From time to time a smoke machine powered by palm oil not only spits out a cloud of cool and damp condensation but also periodically rumbles. A large part of the exhibition space is taken up by tall industrial shelving which is filled with luminous cuboids – palm fat in various nuances of orange, repeatedly compressed into the same shape. The temperature becomes gradually warner, the light is more subdued. A film on a loop shows tree after tree being felled in the virgin forest. Warmth and light radiate from a large lamp with its calming, floating bubbles. The liquid is emitted slowly, as fiery as lava, its viscose nature courtesy of the palm oil it contains. A black-and-white wall-hung piece dominates the space, its image composed of millions of tiny volcanic ash particles. We negotiate our way through Julian Charrière’s exhibition in Kunsthalle Mainz. The Swiss artist has developed a dramatic narrative for "An Invitation to Disappear" which introduces the visitor to the world of “palm oil”, making it possible for us to experience this universe at the intellectual and sensual levels. The more we progress, the louder we hear the rhythm which was already present in the first room as a distant boom-boom. We make our way through to the heart of the exhibition: colourful lightning illuminates the dark night in a densely arranged field of palms. Hard, electronic rhythms played in a loop intersect the infinite calm of the field of trees. A palm-oil plantation shudders, shaken by the light and sound. The scenery oscillates between enticing and threatening. The visitors find themselves in a rave once more. The rhythms and sounds of electronic music are superimposed over a setting enshrouded in wisps of fog: a film which has been shot in a palm-oil plantation in the Far East. It accompanies the excessive overexploitation of nature with intoxicating music. At the same time it stands for a collective experience which is expressed both in consciously “absorbed” music and in the unknowing consumption of palm oil as a material. Its ubiquitous nature is analogous to our lack of interest in the way it is produced; the flip side of the physical absence of people is the omnipresence of their actions. Picture and sound are condensed into metaphors for the human belief in progress, for short-lived interests, and the massive consequences that these have. At the same time they conjure up collective trance-like states and shared experiences beyond space and time.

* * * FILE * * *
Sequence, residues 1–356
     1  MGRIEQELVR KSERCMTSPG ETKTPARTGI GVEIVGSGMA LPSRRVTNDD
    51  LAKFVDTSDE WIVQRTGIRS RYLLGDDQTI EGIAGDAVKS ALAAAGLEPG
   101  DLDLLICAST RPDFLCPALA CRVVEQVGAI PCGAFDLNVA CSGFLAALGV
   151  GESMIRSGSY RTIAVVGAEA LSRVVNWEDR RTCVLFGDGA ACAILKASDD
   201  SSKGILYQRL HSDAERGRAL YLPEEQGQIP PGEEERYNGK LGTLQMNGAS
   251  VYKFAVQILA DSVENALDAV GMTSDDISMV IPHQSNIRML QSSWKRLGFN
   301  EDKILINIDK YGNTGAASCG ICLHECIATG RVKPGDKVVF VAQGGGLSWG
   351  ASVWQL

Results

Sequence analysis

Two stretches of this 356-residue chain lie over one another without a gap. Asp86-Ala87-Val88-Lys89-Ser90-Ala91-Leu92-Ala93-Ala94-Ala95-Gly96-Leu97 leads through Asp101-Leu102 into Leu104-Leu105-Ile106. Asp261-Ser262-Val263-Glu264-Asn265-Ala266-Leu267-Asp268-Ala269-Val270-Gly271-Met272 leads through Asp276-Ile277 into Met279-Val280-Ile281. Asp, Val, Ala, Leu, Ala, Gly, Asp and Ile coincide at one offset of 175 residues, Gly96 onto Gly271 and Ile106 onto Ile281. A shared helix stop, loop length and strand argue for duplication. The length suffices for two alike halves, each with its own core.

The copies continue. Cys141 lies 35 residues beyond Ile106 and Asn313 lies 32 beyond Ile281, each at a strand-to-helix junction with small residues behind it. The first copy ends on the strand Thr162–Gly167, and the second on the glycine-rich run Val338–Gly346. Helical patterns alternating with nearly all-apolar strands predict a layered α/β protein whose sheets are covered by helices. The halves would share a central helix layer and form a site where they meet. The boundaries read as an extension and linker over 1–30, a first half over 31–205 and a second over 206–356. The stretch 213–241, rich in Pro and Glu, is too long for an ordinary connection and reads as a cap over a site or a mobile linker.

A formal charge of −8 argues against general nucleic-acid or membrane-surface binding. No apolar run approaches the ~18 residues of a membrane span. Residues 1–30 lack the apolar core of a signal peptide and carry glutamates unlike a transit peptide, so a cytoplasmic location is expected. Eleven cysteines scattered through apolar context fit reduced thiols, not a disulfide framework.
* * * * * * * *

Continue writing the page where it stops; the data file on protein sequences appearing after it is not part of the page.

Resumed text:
Just as a volcano eruption linked continents two centuries ago, so do raves – events which have now become a mainstream form, far beyond being limited to a subculture – and palm oil – which virtually everybody ingests, applies and uses. An Invitation to Disappear is hence not only the literal translation of Tambora, but also represents secret and obvious process, materials and developments. It refers to the ambivalent relationship between people and nature. This is where Julian Charrière comes in, who calls himself an “archaeologist of the future” and humans in general the “greatest erosive power in nature”. Equipped with pressing questions for our time, as well as an inquiring mind and considerable audacity, while on his travels to distant lands he studies the timelessness of human intervention, reveals the utopian content of the present day, and turns raw materials of the future into materials for his work.
"An Invitation to Disappear" in Kunsthalle Mainz is Julian Charrière’s most comprehensive solo exhibition so far in a German setting. It consists of his new series of works "An Invitation to Disappear", which is set in relation to two older works.
In cooperation with Le Musée de Bagnes, Roma Publications will be bringing out a publication in two languages to accompany the exhibition.
The exhibition is supported by Stiftung Rheinland-Pfalz für Kultur, Pro Helvetia, Ernst & Olga Gubler-Hablützel Stiftung, Mainzer Volksbank eG and The Shifting Foundation.